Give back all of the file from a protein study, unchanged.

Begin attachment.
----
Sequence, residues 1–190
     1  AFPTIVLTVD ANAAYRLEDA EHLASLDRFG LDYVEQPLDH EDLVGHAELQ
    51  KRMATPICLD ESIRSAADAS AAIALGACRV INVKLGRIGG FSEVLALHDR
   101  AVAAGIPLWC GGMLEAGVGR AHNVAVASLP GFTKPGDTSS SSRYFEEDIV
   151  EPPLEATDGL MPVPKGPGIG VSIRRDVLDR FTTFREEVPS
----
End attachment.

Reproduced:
Sequence, residues 1–190
     1  AFPTIVLTVD ANAAYRLEDA EHLASLDRFG LDYVEQPLDH EDLVGHAELQ
    51  KRMATPICLD ESIRSAADAS AAIALGACRV INVKLGRIGG FSEVLALHDR
   101  AVAAGIPLWC GGMLEAGVGR AHNVAVASLP GFTKPGDTSS SSRYFEEDIV
   151  EPPLEATDGL MPVPKGPGIG VSIRRDVLDR FTTFREEVPS